Country/ People: U.S.A. Native Americans

Dance: Eagle Dance, Cherokee (and others)

Border: Navajo Sand paintings  

Osiyo Hello (in Cherokee)

The Eagle Dance has been performed by many Native American tribes or nations including the Iroquois, Comanche, Calumet, Cree and Cherokee.   Today, it is often part of celebrations of the Jemez and Tesuque tribes of New Mexico. The eagle holds a special place in Indian cultures, representing wisdom and strength. Some groups believed the Eagle held supernatural powers that allowed it to transport prayers to the gods. The dancer, adorned with feathers strapped to his arms like wings, imitated the movements and activities of the eagle.  Using only white (or nearly white) eagle feathers, false wings up to six feet long are created for the dancer to wear across his shoulders and arms. (Native Americans have been granted special privileges to collect and use these feathers, generally illegal under the Bald Eagle Protection Act of 1940, for ceremonial purpose.)  These ceremonial eagle wings not only represent the majestic bird but add drama and accentuate movements in the dance. At times in our history, the use of feathers in ceremonial dances and religious rites was used as an excuse to forbid traditional dances and practices by Native American.  An interesting article that discusses this topic was published in 1991. (N. Brown, .Donald "Indians, Feathers, and the Law in Western Oklahoma" Expedition Magazine 33.2 (1991): n. pag. Expedition Magazine. Penn Museum, 1991 Web. 03 Feb 2021

The Eagle Dancer wears soft, leather moccasins, shoes worn my most Native Americans. There were individual style and different ornamentations, but the basic concept remained across Native nations. Often made of deerskin, they allowed the wearer to move quietly and feel the ground, but protected him/her from thrones and other impediments.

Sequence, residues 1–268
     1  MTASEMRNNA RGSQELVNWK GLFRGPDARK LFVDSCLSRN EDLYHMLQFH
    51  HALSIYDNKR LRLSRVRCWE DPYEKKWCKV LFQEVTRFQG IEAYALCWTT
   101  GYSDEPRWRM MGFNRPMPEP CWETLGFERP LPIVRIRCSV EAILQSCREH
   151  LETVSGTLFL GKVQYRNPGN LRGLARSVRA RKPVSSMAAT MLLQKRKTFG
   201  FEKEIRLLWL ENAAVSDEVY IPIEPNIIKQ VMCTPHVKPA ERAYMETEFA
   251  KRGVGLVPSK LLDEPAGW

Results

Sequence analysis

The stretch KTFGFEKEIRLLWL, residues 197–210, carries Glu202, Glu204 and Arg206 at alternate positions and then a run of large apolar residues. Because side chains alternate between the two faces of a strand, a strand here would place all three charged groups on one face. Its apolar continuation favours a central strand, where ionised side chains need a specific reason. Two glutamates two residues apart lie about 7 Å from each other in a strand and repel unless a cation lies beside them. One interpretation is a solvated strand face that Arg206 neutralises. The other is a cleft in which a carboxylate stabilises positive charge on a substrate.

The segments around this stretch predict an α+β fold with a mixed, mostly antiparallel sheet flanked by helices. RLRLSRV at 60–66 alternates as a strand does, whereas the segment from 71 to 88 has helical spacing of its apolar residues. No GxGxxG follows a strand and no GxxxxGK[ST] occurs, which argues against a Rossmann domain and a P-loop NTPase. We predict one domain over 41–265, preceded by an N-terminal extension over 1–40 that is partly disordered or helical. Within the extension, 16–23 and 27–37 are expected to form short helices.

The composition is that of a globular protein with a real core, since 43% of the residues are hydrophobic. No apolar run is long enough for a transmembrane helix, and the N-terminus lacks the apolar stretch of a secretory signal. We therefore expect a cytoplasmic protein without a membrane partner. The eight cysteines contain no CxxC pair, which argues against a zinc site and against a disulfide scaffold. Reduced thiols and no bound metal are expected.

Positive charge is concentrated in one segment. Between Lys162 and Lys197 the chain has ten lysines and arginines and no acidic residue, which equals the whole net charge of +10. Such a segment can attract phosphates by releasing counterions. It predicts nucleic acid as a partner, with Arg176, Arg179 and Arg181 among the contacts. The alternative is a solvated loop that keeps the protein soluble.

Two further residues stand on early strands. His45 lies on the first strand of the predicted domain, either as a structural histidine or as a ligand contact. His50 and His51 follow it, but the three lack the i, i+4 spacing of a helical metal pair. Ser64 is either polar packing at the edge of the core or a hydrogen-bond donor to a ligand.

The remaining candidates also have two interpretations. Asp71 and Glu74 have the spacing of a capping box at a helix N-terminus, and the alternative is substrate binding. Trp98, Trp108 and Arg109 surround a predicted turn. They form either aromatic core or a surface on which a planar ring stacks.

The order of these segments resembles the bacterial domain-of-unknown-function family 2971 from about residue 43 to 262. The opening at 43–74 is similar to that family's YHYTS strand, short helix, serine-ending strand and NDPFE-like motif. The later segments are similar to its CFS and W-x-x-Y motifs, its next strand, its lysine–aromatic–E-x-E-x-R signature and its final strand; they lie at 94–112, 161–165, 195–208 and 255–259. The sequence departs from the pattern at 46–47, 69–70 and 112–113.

Border: On the four corners of the border, I have indicated sand paintings.  Sand paintings were another way that some Native Americans believe they can communicate with the spirits. These are colorful, beautifully designed works of art. Although the Native Americans who originally created them did not consider them art, but rather prayer and medicine. As the name suggests, they were created of sand, with colors dyed from natural materials such as crushed stone, pollen and flowers. And they were also created in the sand as part of a healing ceremony. Once completed and sanctified, the person in need of healing sits in the middle of the image so that the spirits represented can realign the “patient” with the earth. Once the  ceremony and prayers were completed, the image could be destroyed, brushed away to bring its message to the gods.  In addition to the Navajo, the Hopi and Zuni Indians of the American southwest, create these ethereal paintings. The Navajo call sand painting 'iikááh, "place where the gods come and go."

However, as time has moved on, many of the sand painting designs have been created on permanent surfaces (sandpaper coated) for sale as art to tourists, which helps the native economy. I modeled the four images here after sand paintings I purchased decades ago to add to my cultural collection.  Some of the common symbols with stylized, geometric shaped bodies include Father Sky and Mother Earth  

(Taos Pueblo* UNESCO )


Dockstrader, Frederick J. Indian Art of the Americas, Museum of the American Indian.1973 print

Eagle Dance - Unto These Hills, Cherokee, NC 201 Video.

Native Navajo Native American Indian moccasins and their marvelous embellishments 10/10/2019 

Sand painting

Be the first to post a comment.

Previously published:

All 24 blog entries

The Art and Writing of Barbara Rizza Mellin